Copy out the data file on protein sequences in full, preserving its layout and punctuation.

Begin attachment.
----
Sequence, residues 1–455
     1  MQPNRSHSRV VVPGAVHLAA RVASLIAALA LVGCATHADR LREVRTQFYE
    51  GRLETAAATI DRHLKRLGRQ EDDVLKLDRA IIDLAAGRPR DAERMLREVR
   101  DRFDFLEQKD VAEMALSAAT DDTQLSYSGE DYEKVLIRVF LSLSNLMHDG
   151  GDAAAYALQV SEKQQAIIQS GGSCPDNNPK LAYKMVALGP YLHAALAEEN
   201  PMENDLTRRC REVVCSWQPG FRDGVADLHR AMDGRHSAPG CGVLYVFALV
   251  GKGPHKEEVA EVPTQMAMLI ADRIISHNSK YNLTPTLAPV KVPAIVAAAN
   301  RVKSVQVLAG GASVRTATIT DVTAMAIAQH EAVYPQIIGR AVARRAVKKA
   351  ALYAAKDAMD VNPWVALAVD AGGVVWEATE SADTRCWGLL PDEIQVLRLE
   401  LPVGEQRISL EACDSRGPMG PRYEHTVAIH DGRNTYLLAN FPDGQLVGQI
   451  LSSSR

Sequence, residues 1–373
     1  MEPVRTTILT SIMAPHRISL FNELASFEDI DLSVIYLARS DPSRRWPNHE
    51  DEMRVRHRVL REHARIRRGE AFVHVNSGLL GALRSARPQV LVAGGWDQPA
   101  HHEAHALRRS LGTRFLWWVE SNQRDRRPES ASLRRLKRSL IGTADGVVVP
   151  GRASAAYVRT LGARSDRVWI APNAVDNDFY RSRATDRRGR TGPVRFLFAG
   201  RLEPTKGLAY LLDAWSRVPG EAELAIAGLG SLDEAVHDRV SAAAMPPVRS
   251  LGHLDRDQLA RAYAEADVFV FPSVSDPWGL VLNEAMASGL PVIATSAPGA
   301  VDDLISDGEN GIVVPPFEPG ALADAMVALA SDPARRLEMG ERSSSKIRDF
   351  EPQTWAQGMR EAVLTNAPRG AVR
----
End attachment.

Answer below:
Sequence, residues 1–455
     1  MQPNRSHSRV VVPGAVHLAA RVASLIAALA LVGCATHADR LREVRTQFYE
    51  GRLETAAATI DRHLKRLGRQ EDDVLKLDRA IIDLAAGRPR DAERMLREVR
   101  DRFDFLEQKD VAEMALSAAT DDTQLSYSGE DYEKVLIRVF LSLSNLMHDG
   151  GDAAAYALQV SEKQQAIIQS GGSCPDNNPK LAYKMVALGP YLHAALAEEN
   201  PMENDLTRRC REVVCSWQPG FRDGVADLHR AMDGRHSAPG CGVLYVFALV
   251  GKGPHKEEVA EVPTQMAMLI ADRIISHNSK YNLTPTLAPV KVPAIVAAAN
   301  RVKSVQVLAG GASVRTATIT DVTAMAIAQH EAVYPQIIGR AVARRAVKKA
   351  ALYAAKDAMD VNPWVALAVD AGGVVWEATE SADTRCWGLL PDEIQVLRLE
   401  LPVGEQRISL EACDSRGPMG PRYEHTVAIH DGRNTYLLAN FPDGQLVGQI
   451  LSSSR

Sequence, residues 1–373
     1  MEPVRTTILT SIMAPHRISL FNELASFEDI DLSVIYLARS DPSRRWPNHE
    51  DEMRVRHRVL REHARIRRGE AFVHVNSGLL GALRSARPQV LVAGGWDQPA
   101  HHEAHALRRS LGTRFLWWVE SNQRDRRPES ASLRRLKRSL IGTADGVVVP
   151  GRASAAYVRT LGARSDRVWI APNAVDNDFY RSRATDRRGR TGPVRFLFAG
   201  RLEPTKGLAY LLDAWSRVPG EAELAIAGLG SLDEAVHDRV SAAAMPPVRS
   251  LGHLDRDQLA RAYAEADVFV FPSVSDPWGL VLNEAMASGL PVIATSAPGA
   301  VDDLISDGEN GIVVPPFEPG ALADAMVALA SDPARRLEMG ERSSSKIRDF
   351  EPQTWAQGMR EAVLTNAPRG AVR